After reading the two articles, I have to say that they are both similar yet very much the same as other things I have learned on the same topics. First off, the article It's People, Not Programs is very similar to what i have been hearing recently. Almost everyone I speak to about the state of our schools, seem to believe that it is the teachers who makes the difference. They do not believe that changing the testing or the curriculum are going to greatly enhance the performance of our schools. However, it does seem like all the new state policies and guidelines seem to think that they can improve student performance by changing the programs.
I do not understand why they seem to be allowing people who are not teachers to create the laws and guidelines when they do not have much, if any experience in the classroom. I think that the policymakers are just adding to the problem.
As for the article What it Takes to become a Great Teacher, my experiences both agree and disagree with the article. Just as the saying goes, Those who can not do, Teach. Sayings like this and teacher salaries nationwide show that many people do not view teaching as an important profession, when just like the article points out it is actually the most important. People need to realize that teaching on a small scale sets the course of the future of our country. In many other countries, teachers are shown the same respect and hold the same level in society as lawyers and doctors and it is about time teachers are given the same respect here.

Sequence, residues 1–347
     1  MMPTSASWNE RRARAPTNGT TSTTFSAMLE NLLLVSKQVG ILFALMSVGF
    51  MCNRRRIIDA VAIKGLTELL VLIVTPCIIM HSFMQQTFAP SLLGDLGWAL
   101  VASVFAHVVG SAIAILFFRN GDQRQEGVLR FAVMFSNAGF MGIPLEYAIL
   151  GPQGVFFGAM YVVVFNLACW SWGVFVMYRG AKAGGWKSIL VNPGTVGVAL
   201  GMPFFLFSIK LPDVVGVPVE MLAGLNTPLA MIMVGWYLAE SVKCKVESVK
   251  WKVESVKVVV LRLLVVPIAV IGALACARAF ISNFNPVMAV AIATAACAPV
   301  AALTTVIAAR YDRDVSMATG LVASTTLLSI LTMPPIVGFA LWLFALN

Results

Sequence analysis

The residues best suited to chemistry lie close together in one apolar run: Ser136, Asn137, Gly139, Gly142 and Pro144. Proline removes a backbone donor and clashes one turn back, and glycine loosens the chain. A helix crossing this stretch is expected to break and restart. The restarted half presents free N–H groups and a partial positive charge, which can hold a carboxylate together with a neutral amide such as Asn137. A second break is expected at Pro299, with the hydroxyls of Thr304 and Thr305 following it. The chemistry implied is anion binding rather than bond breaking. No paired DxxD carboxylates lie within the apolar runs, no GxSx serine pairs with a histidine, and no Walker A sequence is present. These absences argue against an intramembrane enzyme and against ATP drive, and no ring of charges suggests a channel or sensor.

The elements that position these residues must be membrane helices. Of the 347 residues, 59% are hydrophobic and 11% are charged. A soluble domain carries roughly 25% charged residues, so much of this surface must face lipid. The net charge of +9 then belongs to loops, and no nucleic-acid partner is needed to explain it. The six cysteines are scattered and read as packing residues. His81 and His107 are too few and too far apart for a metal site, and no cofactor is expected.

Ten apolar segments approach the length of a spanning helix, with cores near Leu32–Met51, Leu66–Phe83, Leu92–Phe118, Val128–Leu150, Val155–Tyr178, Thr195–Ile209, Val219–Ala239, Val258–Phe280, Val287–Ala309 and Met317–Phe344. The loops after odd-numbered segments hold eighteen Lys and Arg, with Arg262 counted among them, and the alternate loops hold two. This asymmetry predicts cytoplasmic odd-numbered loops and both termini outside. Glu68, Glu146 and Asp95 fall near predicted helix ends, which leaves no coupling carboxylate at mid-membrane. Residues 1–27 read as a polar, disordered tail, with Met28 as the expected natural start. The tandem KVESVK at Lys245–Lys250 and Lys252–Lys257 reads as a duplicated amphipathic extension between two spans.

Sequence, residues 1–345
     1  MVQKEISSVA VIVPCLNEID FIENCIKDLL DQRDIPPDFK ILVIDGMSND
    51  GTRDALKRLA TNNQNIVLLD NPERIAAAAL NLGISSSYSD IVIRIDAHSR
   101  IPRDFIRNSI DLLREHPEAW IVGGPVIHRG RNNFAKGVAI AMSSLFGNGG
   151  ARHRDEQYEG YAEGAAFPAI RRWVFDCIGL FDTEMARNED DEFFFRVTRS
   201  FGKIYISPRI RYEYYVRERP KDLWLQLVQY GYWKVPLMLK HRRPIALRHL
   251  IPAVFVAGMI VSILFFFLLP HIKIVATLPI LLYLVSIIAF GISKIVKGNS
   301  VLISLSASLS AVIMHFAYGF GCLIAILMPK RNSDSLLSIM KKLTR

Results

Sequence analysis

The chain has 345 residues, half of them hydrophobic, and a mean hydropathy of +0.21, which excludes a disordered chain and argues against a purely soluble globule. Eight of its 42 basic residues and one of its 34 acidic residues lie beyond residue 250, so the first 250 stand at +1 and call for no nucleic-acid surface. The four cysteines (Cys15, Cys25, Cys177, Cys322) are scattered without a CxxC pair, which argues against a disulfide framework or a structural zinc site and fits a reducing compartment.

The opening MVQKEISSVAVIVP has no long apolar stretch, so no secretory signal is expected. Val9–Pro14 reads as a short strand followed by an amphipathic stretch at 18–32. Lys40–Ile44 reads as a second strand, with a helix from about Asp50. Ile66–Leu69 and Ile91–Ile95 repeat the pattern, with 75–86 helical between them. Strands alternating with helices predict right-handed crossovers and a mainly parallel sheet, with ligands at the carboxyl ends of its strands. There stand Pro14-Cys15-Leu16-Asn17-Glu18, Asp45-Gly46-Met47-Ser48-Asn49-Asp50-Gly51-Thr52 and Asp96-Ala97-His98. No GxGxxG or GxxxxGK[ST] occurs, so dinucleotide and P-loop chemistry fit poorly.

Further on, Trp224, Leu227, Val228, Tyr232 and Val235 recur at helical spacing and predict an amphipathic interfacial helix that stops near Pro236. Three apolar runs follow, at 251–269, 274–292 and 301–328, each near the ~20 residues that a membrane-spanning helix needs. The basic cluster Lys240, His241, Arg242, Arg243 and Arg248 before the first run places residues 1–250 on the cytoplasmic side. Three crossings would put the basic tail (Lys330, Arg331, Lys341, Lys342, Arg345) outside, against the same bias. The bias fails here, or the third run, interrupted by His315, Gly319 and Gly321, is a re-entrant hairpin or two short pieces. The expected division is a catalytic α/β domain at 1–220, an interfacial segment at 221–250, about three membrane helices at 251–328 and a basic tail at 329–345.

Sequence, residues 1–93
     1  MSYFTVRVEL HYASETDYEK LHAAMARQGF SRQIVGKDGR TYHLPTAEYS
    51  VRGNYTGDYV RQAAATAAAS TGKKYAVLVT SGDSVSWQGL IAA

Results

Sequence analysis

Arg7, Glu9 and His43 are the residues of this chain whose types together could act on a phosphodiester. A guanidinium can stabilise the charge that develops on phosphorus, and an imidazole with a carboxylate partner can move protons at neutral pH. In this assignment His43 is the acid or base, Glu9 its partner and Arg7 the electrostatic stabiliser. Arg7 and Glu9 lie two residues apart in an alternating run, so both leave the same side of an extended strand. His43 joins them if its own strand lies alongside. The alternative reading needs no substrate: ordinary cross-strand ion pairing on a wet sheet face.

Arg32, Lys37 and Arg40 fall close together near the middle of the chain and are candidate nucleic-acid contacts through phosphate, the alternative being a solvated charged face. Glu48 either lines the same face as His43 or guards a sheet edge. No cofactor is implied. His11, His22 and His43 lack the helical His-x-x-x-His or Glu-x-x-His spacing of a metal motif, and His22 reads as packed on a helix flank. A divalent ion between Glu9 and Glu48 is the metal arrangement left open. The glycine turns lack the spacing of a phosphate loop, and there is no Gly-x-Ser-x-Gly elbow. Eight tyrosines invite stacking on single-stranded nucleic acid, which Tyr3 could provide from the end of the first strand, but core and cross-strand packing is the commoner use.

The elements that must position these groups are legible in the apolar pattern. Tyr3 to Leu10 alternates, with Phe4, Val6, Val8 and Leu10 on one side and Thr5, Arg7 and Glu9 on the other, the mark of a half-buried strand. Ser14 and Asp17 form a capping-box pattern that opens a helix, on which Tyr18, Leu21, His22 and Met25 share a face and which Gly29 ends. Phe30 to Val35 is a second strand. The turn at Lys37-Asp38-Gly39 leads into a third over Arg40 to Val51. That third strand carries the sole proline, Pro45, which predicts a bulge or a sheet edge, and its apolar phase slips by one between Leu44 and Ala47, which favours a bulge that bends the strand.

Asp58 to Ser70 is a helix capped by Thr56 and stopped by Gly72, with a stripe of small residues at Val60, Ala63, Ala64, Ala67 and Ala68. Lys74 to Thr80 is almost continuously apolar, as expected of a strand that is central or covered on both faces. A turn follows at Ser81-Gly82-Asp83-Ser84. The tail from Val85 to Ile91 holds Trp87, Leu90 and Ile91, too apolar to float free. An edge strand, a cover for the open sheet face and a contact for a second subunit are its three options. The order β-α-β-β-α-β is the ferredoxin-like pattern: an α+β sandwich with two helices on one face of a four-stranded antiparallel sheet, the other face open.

Speaking to many of my friends who are young teachers, and listening to many of my professors talk, many of them say that it takes years to truly become a good teacher. If this is the case then I agree with the article and think that students who are learning to become teachers, and young teachers need to be offered more support and schooling. Maybe student teaching should be a full year learning experience rather than a few weeks and maybe schools should offer co teaching positions to many young teachers to help them gain experience in the classroom and have a fellow young teacher to share the experience with.
Let' explore the idea... "young teachers need to be offered more support and schooling." How do other professionals grow? Where to they get their professional development? Who is responsible?
Other young professionals learn their craft through years of intense schooling and sometimes years learning behind veterans in their field. They observe, get both in the class and in the field training and then spend more time working along side someone who has been doing it for many years. I think young teachers are given support however, I feel like the training and support offered is limited. We observe 100 hours and spend a few weeks student teaching. I dont believe that is nearly enough. Becoming good at anything takes practice and I think young aspiring teachers should have to observe more, student teach longer and when they are officially teachers, be given more support from veteran teachers and others in the school. Both the higher ups in a school and the young teachers themselves who need to ask for help if they need it are responsible.